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Published in: Eurasian Business Review 4/2022

11-03-2022 | Regular Article

The interaction between direct and indirect network externalities in the early diffusion of mobile social networking

Authors: Emanuele Giovannetti, Mohsen Hamoudia

Published in: Eurasian Business Review | Issue 4/2022

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Abstract

The early diffusion of mobile social networking (MSN) reflected the interplay of different factors: the affordability of better Internet connectivity and the diffusion of Smartphones suitable for Social Networking Applications. These key technology and cost drivers facilitated both the direct and indirect network externalities, which are necessary to overtake critical adoption barriers and facilitate users' decisions. However, a key challenge in modeling MSN diffusion is in distinguishing among the impact of these two types of network externalities. This paper addresses such a challenge by adopting a two-stage estimation strategy. In the first stage, we focus on direct network externalities by estimating a set of country-specific adoptions peaks that allow differentiating between early and late adopters. In the second stage, we estimate the impact of indirect network externalities on MSN diffusion while also considering the role of pricing strategies. Our results provide significant evidence that indirect network externalities can exert opposite effects on adoption between early adopters and followers, depending on whether they adopt before or after a country's MSN diffusion peak.

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Appendix
Available only for authorised users
Footnotes
1
Facebook measures monthly active users as users that have logged in during the past 30 days (https://​www.​statista.​com/​statistics/​264810/​number-of-monthly-active-facebook-users-worldwide/​).
 
2
Mobile social networking is intended as a service that enables individuals to connect to their social communities with a mobile device where members share experiences, interests, opinions, presence information and personal content through their mobile devices. Mobile adds new capabilities to social networking, such as location-related services and new visualization mechanisms (Gartner IT glossary 2021, http://​www.​gartner.​com/​it-glossary/​mobile-social-networks).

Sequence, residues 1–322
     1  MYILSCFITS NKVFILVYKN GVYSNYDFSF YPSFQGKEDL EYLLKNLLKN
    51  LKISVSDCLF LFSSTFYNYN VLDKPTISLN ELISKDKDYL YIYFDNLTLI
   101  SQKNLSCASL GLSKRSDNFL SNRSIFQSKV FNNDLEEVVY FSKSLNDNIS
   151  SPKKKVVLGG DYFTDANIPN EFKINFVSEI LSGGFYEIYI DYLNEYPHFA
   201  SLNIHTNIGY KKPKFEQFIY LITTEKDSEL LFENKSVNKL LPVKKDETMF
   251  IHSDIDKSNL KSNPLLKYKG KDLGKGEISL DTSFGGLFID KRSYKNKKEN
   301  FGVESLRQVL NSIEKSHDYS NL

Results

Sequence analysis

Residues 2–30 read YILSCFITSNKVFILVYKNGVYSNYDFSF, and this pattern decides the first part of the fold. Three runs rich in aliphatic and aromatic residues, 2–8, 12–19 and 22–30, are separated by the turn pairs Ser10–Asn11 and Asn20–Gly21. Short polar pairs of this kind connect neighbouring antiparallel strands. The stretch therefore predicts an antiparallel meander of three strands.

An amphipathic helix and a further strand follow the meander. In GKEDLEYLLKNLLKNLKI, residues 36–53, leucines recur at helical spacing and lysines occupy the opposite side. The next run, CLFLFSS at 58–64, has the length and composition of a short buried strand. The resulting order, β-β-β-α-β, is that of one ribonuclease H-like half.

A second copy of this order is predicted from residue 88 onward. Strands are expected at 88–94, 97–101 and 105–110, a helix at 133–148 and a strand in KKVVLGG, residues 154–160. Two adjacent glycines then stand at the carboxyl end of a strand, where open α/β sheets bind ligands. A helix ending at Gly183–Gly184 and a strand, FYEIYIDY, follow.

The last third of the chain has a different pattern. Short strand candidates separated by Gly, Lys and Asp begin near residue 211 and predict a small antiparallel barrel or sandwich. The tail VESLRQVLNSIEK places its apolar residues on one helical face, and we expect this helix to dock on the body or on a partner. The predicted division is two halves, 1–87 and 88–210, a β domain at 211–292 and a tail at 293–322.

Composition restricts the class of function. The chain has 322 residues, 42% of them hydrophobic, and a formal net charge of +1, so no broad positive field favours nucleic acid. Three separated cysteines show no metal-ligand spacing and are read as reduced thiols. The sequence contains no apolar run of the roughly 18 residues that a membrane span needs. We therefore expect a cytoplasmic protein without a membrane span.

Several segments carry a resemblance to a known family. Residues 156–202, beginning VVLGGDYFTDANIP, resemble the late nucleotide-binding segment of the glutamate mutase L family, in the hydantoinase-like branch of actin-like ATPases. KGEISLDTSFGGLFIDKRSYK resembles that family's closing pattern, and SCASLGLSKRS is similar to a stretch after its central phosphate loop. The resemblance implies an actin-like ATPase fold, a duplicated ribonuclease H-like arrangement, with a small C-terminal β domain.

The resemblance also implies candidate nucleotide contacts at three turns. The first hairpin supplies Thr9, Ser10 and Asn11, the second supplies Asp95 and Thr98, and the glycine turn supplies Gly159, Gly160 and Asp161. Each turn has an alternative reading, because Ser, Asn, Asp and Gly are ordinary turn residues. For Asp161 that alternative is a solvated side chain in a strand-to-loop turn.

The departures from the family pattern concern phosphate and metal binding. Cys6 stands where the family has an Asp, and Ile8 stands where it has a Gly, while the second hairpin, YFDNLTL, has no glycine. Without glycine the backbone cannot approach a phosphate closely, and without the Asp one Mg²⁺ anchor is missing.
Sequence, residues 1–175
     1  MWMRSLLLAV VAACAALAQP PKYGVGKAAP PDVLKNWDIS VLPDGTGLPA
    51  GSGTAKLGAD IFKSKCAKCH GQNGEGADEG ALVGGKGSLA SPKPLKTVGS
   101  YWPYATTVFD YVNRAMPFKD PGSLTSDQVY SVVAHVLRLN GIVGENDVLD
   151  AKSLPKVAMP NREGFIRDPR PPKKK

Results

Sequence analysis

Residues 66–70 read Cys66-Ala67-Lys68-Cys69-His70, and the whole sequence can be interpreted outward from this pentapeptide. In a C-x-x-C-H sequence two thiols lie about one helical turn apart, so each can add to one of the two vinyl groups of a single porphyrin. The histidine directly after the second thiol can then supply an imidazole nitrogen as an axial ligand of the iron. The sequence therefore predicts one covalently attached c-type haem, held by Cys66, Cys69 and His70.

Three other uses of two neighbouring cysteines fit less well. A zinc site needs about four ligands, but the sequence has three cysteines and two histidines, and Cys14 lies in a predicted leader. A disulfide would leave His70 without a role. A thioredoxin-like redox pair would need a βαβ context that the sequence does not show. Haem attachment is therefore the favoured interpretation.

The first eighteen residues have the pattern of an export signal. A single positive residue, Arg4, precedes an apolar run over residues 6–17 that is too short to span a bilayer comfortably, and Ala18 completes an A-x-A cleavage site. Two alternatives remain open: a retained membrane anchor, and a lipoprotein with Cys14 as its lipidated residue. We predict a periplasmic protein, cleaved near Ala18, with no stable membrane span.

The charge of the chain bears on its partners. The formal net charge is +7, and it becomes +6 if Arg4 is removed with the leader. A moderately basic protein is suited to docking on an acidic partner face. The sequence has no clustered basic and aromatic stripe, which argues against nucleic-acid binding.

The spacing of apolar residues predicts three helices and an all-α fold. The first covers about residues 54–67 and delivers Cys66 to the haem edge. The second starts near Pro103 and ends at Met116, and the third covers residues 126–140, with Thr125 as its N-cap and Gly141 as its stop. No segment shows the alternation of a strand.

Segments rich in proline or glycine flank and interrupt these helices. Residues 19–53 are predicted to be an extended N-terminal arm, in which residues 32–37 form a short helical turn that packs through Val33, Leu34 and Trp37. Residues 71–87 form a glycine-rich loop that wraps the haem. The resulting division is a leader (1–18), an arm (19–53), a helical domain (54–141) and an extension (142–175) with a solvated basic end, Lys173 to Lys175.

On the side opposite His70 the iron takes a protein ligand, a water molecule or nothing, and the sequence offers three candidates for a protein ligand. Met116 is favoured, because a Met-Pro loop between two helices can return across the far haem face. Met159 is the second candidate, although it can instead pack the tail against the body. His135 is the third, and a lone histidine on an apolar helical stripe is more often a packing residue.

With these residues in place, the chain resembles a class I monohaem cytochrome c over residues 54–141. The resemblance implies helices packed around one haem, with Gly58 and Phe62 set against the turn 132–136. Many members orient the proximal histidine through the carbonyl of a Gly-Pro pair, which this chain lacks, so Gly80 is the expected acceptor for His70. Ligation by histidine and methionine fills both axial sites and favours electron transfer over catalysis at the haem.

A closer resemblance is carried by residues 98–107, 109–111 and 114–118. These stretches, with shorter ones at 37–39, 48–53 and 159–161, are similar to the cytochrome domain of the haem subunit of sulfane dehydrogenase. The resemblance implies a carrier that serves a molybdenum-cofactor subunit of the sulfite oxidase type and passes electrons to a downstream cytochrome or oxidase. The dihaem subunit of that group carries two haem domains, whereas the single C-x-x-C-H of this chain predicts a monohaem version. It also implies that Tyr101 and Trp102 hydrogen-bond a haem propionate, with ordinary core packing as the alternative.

3
Skype Inc. incorporated in 2004 and based in Palo Alto, California, provides social networking via free video and voice calls, instant messaging, and file-sharing services also through smartphones.
 
4
Facebook, the online social media and social networking service based in Menlo Park, California was founded in 2004.
 
5
Twitter Inc. founded in 2006 and based in San Francisco, California, introduced an online social networking service that enables users to send and read short 140-character messages called "tweets" through smartphones.
 
6
WhatsApp Inc. founded in 2009 and based in Santa Clara, California, operates as a cross-platform mobile messaging company that allows social networking through the exchange of unlimited text and multimedia messages, such as audio, video, and photo messages through smartphones.
 
7
Spotify USA Inc. founded in 2011 and based in New York, New York, operates a platform that enables social networking for users to find and share music and playlists also on their smartphones.
 
8
Snapchat, Inc. founded in 2012 and based in Venice, California, developed a text and photo-based social messaging application for smartphones.
 
9
See, for example, Antonelli, (1990) for the adoption of Fax Machines, Colombo and Mosconi (1995) for that of Flexible Automation technologies and more recently, for the adoption of Fast Ethernet, see Corrocher and Fontana, (2008) and Casagrande-Seretti et al. (2019) for a wide range of radical innovations.
 
10
For applications in mobile telephony, see Frank (2004) and Gruber and Verboven (2001a; 2001b).
 
11
For a fascinating historical account of the logistic models, see Cramer (2003)
 
12